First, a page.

Go ahead, blame it on THESE guys. You know you wanna!

Go ahead, blame it on THESE guys. You know you wanna!

To make matters worse, “six weeks no heavy lifting”. No running, nor rowing, nor climbing. No hiking, nor biking, nor …. anything fun! Reminds me of “Cat in the Hat”. “All we could do was to sit, sit, sit, sit. And we did not like it, not one little bit.” Well maybe I will just take it easy, enjoy some green eggs and ham, catch up on some reading, type some more rants, do some research on a few things. But I will definitely NOT be sitting for six weeks. I was cautiously up and about in about one week last time as I recall, and really, it’s a matter of using your head to judiciously stay active while still letting your body heal. There are no “one size fits all” parameters. I imagine I will be doing some, if not all, of those action verbs well before my six weeks is out, because I am just really cool like that.

Sorry to have to put you down, but......

Sorry, but I’m gonna hafta put you down…..

But, alas! My recliner beckons. Time now to let the healing begin, and for that I need nutrient dense foods: vitamins, minerals, lipids and protein….perhaps some cheese is in order. Just not string cheese. No. No string cheese. Anything but freakin’ string cheese.

thesurgeonGoing under the knife tomorrow. It would seem turn about IS fair play…….

If you find yourself flying along through life (or dragging along as the case may be) on an undesirable vector, a simple adjustment on the yoke is usually all that’s needed to abandon the previous course and strike out on a new approach angle, thereby bringing a refreshing myriad of possibility back into view.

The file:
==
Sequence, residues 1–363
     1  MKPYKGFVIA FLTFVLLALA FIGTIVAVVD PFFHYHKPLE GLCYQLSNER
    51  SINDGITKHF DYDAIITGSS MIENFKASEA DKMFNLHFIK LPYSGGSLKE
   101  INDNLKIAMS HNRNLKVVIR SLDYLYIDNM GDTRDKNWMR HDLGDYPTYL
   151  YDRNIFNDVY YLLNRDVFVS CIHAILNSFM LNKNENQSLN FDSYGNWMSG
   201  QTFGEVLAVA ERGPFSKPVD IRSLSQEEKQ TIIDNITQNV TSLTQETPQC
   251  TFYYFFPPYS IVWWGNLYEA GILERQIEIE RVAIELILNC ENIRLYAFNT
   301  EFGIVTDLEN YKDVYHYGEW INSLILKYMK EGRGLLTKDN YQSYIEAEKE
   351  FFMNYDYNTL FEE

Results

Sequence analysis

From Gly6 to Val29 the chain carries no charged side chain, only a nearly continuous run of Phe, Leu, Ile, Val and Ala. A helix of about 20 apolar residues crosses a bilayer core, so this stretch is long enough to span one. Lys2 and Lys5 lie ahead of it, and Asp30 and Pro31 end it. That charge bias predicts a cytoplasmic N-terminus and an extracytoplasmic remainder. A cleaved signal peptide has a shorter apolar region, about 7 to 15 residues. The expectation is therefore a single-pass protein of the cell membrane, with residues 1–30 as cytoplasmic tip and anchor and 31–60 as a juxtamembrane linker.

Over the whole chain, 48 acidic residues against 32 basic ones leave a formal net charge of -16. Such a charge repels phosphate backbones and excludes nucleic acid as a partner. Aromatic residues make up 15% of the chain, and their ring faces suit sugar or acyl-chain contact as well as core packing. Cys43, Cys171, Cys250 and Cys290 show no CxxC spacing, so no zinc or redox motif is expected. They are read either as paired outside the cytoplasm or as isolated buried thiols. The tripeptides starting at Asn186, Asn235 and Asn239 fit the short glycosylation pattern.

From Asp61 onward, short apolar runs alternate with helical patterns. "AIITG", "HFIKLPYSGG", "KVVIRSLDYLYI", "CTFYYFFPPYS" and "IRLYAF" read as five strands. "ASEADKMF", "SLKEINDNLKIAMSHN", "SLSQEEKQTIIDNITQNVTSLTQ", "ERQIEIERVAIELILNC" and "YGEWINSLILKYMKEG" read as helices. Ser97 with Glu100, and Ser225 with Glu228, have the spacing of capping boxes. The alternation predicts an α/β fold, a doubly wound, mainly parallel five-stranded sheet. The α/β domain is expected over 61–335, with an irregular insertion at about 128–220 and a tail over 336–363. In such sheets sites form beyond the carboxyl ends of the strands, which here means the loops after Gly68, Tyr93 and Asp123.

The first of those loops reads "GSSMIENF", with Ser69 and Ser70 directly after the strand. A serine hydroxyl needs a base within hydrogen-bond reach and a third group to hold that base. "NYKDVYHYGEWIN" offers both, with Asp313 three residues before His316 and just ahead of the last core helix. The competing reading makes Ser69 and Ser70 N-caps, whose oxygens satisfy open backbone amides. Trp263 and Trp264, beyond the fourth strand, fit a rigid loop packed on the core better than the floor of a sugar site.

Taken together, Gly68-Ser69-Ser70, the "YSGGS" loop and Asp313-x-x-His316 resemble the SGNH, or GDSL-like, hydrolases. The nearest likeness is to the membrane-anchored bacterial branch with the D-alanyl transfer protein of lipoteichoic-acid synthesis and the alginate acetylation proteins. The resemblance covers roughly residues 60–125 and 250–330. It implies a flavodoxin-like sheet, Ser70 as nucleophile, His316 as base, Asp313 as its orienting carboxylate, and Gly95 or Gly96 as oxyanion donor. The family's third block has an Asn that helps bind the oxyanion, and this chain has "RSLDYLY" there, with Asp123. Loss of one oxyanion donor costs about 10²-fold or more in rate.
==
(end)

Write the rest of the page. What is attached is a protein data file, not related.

If the fecal matter really makes traumatic contact with the oscillating air circulation device, well friend, you’re gonna need one of these:


Some problems just require a complete reboot. As of late, I am feeling that my career is one of them. After a huge investment of time in education and clinical experience, all I can say is “stick a fork in me; I’m done….” I have just walked through my front door after sixteen hours of non-stop choas, frustration, and heart break. I am reaching for those black and yellow ejector handles like a teen-age boy fishing around for a bra strap on prom night. No joke.

Every once in a while one of these little monkeys smiles at me and I think all is not lost. monkey smiles Unfortunately, quite often all IS lost. And it wears on me.

I’m thinking maybe I’ll move to Mexico and make shell necklaces on the beach to sell to the tourists. Or maybe become a bull fighter. Stunt driver. Astronaut. Cabana boy. I dunno, I’ll think of something. I always do.


Tally Ho!!

So if you’re vacationing down on the Riviera Maya and you see a scraggaly looking Gringo approach you with his finely crafted wares, be kind. I just need enough money for beer and sun screen, then I’ll be on my way.


I have always found A.E. Housman’s poem by the aforementioned title haunting. I first read this work in English Lit when I was perhaps fifteen years old, and despite the simple Clerihew rhyme scheme, I’m still haunted by it today. With the perspective of time now in my favor, I can truly appreciate the depth of loss surrounding the death of a young person, and I have no trouble admitting this, especially the loss of a young person who displayed the promise and potential to be the kind of person who makes this world a better place for everyone else.